There's a touch of Dickens about Philip Ardagh's Awful End (Faber, £4.99) - asides to the reader, chapter headings like "in which we learn the bearded stranger isn't either", and a character called Pumblesnook. Anyway, the story is about Dickens: Eddie Dickens, given into the care of his Mad Uncle Jack but trapped, en route, at St Horrid's Orphanage for Grateful Orphans. In this surreal world language is never what it appears, the innkeeper is paid in dried fish and a stuffed stoat called Malcolm plays a key role. It's daft, but entirely engaging.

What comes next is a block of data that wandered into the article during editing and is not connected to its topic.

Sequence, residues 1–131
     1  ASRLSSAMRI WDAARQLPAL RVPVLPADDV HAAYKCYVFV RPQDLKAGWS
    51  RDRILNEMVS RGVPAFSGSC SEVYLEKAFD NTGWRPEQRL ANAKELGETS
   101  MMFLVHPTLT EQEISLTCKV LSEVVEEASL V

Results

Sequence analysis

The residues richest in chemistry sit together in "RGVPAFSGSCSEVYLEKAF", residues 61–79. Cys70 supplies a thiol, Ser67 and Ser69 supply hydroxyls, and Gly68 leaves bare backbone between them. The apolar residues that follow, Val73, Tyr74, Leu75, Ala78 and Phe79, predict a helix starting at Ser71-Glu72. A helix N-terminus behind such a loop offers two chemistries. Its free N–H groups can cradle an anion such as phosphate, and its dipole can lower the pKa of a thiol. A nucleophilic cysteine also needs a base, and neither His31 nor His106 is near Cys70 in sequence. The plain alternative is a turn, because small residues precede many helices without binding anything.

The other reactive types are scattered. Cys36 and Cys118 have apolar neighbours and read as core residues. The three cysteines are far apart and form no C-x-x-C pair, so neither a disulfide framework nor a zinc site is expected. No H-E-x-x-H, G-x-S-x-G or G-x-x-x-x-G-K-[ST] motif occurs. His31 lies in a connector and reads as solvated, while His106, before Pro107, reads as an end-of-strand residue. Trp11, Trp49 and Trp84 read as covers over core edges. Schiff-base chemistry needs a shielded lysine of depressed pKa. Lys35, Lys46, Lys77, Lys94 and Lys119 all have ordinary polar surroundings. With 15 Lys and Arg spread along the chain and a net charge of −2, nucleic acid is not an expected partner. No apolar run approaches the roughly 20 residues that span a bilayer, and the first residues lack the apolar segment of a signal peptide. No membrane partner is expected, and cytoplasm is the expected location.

When Holes by Louis Sachar (Bloomsbury paperback, £5.99) was first published earlier this year, Jennifer Morris of the Lion and the Unicorn Children's Bookshop in Richmond knew it would be a word-of-mouth success when a local teacher ordered it and found there was quickly a waiting list: "Once a book gets into a group of children, it's away." This exotic, impossible but eminently logical story is sparely written with dry humour. Everything is significant, even the short chapter on the lizard. "A lot of people don't believe in curses. A lot of people don't believe in yellow-spotted lizards either, but if one bites you, it doesn't make a difference whether you believe in it or not."

The same could be said of the best children's stories. If they bite you, it doesn't matter if you don't believe it.